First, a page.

Half way through my shift, I was surprised to see Patty’s T-topless Trans Am pull up in the Wendy’s parking lot. It was a bit of a lull in the dining room, so Nick and I ran out to the parking lot. I could hear the Other Manager starting in, “Awe, c’mon…” I didn’t even turn around, focused only on Patty. I wanted to deliver my condolences. Patty was already hanging out the window of the Trans Am, “Good. I’m here to see you guys before I head out of town.” Albeit a bit stunned, but glad to see her. Patty explained that her father had passed away. I was devastated for her, but Patty was tough. You could see that she’d been crying, but she would never show us boys. “So, I wanted to let you know that Joey will be at the funeral. Is there anything you want me to tell him for you?” Mind explosion! Nick’s eyes were like quarters and I’m sure mine were the same. I was at a loss and could barely utter a sentiment, “Tell him I’m sorry for his loss.” Patty chuckled, “It’s my dad that died dummy.” We just started randomly throwing whatever we could think of at her, “Tell him we think he’s the best. We love Anthrax! Come to Virginia! Can we have an autograph?!?!” Still chuckling, Patty said, “Sure kid, I’ll see what I can do.” She drove off with the T-top down and her fire engine red hair flowing. Patty was gone for about a week, but I would never see her again.
During that week, Sandy and I broke up. I was slowly coming to my senses and she was one of the unfortunate casualties. I’m not sure what inspired the moments of clarity, but I was feeling the bitterness of losing myself and needed to take control before it was too late. The lure of Sandy’s feminine wiles was not quite as strong and even the luster of the fast food industry was beginning to fade. My pact with Nick was not all lost, we were talking about getting the band together soon. Although I experienced periods of feeling disaffected, I was not a bad kid. My spirit was true, and I always found the way back to my center. Having a true spirt, I also had the tendency to be nice and forgiving. Since breaking up, Sandy had made several attempts at getting back together. She was persistent, but I was steadfast and held my ground. She was not good for me; for reasons beyond my ability to explain. But, Sandy was also my first real experience with an adult relationship. During a moment of weakness, or I’d like to believe kindness, I agreed to meet and talk about things. I was not savvy enough to understand how that might lead a person on. I suppose my adolescent mind weaved a tale of infinite mercy that I must bestow upon this poor, young girl. I would listen but let her down easy.
Saturday came, and Sandy showed up in her green 1965 Mustang. I failed to mention the Mustang; hot blond chicks in fast cars. Difficult to resist. I had my plan together. This would be swift and easy. I opened the door and jumped in the passenger seat. Sandy was waiting, turned towards the passenger seat and firmly kissed me. Already I felt weak. I reached for the seatbelt, but Sandy said, “Don’t worry about it, you won’t need it.” 60’s era Mustangs were equipped with a simple lap belt. I’m sure I shrugged it off, focusing more on resisting the determined female in the driver’s seat. Our first stop was the Mobile gas station, which was situated next to the Wendy’s. I pumped a few dollars’ worth of fuel, bought a pack of cigarettes, and then stopped in to say hello to th
e degenerates at Wendy’s. I could see the concern on their faces, as they noticed Sandy sitting in her Mustang. Just after we broke up, she quit her job. So, all the degenerates had already written her off. They were degenerates, but they cared about me and were concerned that I was willing to go somewhere with her; where, I had no idea. “Don’t worry. We’re just going for a drive. I’ll let her down easy.” I returned to the Mustang, situating myself at a distance from the driver’s seat. Sandy pulled away from the Mobile station, leaving the Wendy’s in the rearview. The Mustang barreled down Route 7 with purpose, but location unknown to me. That’s the last thing I remember; feeling the cool October breeze on my face and the warmth of the sunshine.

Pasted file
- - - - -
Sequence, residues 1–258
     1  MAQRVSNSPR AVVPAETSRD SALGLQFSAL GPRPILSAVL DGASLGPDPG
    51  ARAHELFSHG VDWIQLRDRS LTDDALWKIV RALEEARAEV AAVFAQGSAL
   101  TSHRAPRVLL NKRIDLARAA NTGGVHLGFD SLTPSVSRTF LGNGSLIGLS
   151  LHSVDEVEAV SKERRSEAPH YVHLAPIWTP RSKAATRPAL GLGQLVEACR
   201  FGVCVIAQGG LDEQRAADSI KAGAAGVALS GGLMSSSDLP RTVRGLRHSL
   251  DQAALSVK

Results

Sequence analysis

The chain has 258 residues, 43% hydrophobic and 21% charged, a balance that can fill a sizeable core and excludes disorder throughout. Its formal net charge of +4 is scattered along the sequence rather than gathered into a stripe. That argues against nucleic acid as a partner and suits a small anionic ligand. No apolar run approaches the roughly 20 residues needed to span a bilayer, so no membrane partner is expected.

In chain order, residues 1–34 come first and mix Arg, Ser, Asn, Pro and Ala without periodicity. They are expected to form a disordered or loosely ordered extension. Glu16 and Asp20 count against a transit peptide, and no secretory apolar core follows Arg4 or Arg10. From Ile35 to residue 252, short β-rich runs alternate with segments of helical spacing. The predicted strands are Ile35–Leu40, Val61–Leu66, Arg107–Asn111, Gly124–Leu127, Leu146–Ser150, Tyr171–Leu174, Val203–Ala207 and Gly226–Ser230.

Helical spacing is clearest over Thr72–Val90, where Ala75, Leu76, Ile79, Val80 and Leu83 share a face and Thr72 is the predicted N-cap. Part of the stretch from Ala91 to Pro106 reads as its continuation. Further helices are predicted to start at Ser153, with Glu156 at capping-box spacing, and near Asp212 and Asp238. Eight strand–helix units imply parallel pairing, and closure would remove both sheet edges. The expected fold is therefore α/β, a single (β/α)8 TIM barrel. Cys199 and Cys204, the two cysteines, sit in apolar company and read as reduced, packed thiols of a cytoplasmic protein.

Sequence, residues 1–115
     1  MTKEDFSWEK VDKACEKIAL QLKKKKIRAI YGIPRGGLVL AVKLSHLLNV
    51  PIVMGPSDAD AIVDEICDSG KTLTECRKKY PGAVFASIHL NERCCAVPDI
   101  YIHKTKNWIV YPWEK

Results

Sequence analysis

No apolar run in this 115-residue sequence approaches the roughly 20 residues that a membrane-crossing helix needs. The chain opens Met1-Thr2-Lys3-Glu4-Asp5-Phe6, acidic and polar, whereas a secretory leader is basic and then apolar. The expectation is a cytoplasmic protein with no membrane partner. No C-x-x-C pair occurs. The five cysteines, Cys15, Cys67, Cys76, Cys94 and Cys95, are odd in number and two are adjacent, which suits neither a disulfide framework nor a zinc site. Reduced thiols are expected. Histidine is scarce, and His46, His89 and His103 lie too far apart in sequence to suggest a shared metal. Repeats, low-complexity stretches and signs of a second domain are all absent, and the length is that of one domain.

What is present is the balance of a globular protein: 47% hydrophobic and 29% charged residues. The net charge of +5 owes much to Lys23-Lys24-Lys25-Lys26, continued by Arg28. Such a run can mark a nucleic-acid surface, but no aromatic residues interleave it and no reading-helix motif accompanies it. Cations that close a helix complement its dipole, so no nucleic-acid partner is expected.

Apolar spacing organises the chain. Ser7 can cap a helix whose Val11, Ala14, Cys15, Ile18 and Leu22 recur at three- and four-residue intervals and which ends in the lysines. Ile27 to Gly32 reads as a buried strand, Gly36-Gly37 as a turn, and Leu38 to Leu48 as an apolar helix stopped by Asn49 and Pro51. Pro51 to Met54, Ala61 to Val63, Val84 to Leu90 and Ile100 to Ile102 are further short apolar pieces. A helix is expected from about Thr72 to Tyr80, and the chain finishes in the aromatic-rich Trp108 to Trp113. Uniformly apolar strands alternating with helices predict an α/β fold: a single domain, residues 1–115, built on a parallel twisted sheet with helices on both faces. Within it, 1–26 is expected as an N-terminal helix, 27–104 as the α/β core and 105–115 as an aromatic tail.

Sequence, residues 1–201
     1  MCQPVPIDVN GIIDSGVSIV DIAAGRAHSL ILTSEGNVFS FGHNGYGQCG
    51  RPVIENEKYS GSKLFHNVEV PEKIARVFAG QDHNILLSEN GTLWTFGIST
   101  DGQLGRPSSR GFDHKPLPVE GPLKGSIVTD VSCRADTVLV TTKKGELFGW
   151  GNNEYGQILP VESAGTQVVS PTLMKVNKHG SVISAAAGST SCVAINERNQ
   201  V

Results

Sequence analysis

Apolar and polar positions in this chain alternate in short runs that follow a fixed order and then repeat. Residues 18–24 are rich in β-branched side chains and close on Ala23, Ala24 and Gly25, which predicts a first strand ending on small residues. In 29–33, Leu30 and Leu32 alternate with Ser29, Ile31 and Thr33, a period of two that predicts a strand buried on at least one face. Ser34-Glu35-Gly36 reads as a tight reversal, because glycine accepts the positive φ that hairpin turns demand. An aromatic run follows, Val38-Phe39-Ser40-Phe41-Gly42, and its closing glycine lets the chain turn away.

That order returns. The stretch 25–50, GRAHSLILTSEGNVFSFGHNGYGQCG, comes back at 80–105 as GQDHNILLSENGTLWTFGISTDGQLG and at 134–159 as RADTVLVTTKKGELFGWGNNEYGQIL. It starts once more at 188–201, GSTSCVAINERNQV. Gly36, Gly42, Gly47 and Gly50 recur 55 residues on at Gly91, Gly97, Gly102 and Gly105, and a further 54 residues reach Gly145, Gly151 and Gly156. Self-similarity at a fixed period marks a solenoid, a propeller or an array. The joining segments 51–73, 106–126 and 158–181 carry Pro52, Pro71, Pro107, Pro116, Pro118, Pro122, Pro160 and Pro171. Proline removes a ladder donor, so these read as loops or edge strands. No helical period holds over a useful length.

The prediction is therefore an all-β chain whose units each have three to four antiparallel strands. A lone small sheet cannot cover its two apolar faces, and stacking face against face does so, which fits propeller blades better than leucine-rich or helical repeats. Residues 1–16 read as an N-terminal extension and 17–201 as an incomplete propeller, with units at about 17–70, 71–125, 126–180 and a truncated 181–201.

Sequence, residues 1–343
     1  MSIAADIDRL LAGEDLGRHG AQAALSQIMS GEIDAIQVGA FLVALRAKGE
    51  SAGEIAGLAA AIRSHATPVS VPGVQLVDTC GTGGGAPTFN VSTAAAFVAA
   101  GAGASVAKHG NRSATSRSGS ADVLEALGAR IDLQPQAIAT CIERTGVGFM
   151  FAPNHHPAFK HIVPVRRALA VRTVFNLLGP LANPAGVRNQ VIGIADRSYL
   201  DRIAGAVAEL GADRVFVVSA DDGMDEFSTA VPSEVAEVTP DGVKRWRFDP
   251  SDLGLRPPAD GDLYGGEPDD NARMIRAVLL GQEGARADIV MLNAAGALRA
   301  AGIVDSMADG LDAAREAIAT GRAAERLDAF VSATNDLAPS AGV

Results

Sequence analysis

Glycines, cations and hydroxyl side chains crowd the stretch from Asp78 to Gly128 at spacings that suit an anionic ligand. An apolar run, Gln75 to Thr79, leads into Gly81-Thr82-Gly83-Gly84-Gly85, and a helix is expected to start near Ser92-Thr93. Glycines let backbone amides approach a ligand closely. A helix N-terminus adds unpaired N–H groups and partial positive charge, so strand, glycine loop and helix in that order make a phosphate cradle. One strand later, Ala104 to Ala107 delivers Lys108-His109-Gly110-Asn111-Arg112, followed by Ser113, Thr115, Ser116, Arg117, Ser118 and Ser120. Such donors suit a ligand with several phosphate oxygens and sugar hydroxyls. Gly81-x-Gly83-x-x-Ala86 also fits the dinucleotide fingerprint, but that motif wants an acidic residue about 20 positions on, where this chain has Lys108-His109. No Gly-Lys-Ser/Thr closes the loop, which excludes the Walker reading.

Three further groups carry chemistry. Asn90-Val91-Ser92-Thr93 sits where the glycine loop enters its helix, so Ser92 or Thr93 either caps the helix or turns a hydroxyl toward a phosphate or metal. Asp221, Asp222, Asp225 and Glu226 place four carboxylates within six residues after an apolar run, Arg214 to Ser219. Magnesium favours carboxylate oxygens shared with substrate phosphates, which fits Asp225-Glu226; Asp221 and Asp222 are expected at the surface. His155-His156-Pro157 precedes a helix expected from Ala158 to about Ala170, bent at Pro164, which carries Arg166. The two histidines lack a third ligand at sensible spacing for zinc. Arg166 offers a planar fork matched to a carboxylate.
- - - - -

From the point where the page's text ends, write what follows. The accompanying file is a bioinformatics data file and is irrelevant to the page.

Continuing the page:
I remember nothing before December. It’s not like I woke up in the hospital, completely lucid and aware of my situation. I just loosely remember moments; flashes of memory. I remember family and friends hovering over me, crying. A lot of crying. I remember thinking the nurse was cute, even though she was doing terrible things to me with a catheter. I remember enjoying the food; each tray had a little brown cake that was a perfect square. I remember my mom, my dad, my sister. I remember Nick. His visit is the one that still haunts me. Although I don’t recall much, I remember his contorted face…sobbing. He was attempting to give me a piece of paper but was so overcome. The last memory I have of Nick during my hospital stay was of him draped over me on the bed, begging me not to die. I’m not sure who, but someone had to drag him out of the room. It was a while before I saw Nick again. It was a while before I remember seeing anyone again. Eventually, it was explained to me that I was in a terrible car accident. Sandy and I were traveling down Route 7 and slammed into the rear end of another car at a stop light. Later, I read the police report that described several cars stopped at a red light and the Mustang careening into the stopped cars at a rapid 60 MPH, without deceleration. The passenger, that’s me, was not secured by a seatbelt, ultimately sustaining massive neck and head trauma from hitting the windshield. The driver was protected by the steering wheel and sustained only minor injuries. My memory still plays tricks on me. Sometimes I hear screams, only to realize they are mine. For years after the accident, my broken brain would flashback to moments. Nothing I could clearly describe, or explain, but from time to time, something would make sense. A short dialogue came to the surface of my swiss cheese memory. I was telling her “no,” that I couldn’t do it anymore, that I needed to be left alone. I don’t remember exactly what it was, but Sandy yelled that if I didn’t do what she wanted she was going to scream. I can see her face, looking at me screaming, and then nothing. The paramedics had to cut me out of the Mustang and then I was flown to a hospital. The pain of the accident, I don’t remember. It’s that pain of surviving that was to follow that stays with me. I spent over a year in all sorts of therapies, wheelchairs, seizures, relearning the simplest of tasks, learning to survive, rediscovering and forgiving myself. I didn’t go back to work at Wendy’s, that chapter of my book was closed. I never saw Patty again or most of the degenerates that worked there. Nick and I remained friends, but we did drift apart. I’m afraid I failed him after everything we went through together. The brain is a complicated organism, especially when it’s healing from a head injury. I was merely doing my best to put the pieces back together. I fear that Nick may have been lamenting over what we had once been. The piece of paper was not a misremembered object. Nick was trying to show me the autograph. Patty came through for us, she brought us Joey Belladonna’s autograph after her father’s funeral. It said, “To Nick and Andrew, Thanks for being into Anthrax. Stay cool and rock on! Best Wishes, Joey Belladonna.” Nothing remarkable, but it was to us…for us. Our pact lives on through a yellow legal pad’s sheet of paper.
Fast forward 30 years and I’m a relatively stable adult, not living a complacent, apathetic, disaffected existence. I’m still into Anthrax and often think fondly of my pact with Nick and the autograph he saved for me. In 2016, Anthrax released their 11th studio album titled “For All Kings.” This is their 2nd album since Joey’s return and the 4th era of Anthrax. I may not be a qualified reviewer of bands I love, but this is a good record if I’m to apply my best critical perspective. I truly enjoyed this album, hopefully listening without prejudice. It is as close to the classic lineup as it gets with the lead guitar role being filled by Jon Donais from Shadows Fall. Scott Ian and co. wrote a few albums worth of songs during the production of the “Worship Music” album and I feel like “For All Kings” is almost a continuation. Worship Music was a triumphant return with solid songwriting and a defined, mature sound. “For All Kings” is more of the same, and I am the gracious recipient of its message having wanted more. Where I believe Anthrax’s music has evolved is that they maintain the spirit of Thrash Metal, while incorporating some of their classic influences from the 70’s. Joey’s voice remains strong and is in short company for Metal singers from the 80’s that can still do it. He’s a down to earth guy, still owning the same Mustang he drove in high school. Scott Ian, along with creating the chug-a-chug staccato brilliance of most of their catalogue, and sometimes the chug-chug-chug-a-chug-chug, he continues to write complex themes and paying homage to great comic books and horror literature. Charlie Benante is, in my estimation, one of the most underrated drummers in Metal. He has only continued to progress throughout his career and is more technically sound than most drummers out there. Frank Bello’s playing is like a furious attack adding melody with the clarity of a tapping style and a sense of groove. Jon Donais, the new addition to the band on “For All Kings,” is a return to the late 80’s lead arrangements of “Among the Living” bringing back the guitar solo. With Shadow’s Fall, Jon was instrumental in reviving the American Heavy Metal scene and I hope he continues to flourish with Anthrax. Although all the songs on “For All Kings” are enjoyable, “Breathing Lightning” is an anthem and must be listened to on repeat. “Evil Twin”, “Suzerain” and “Monster at the End” are also standouts deserving of a second and third spinning. For it’s production alone, this album deserves a high score. It’s produced extremely well, but damn…it’s just good. If you like Anthrax, no matter the lineup or the era, “For All Kings” should be in your collection.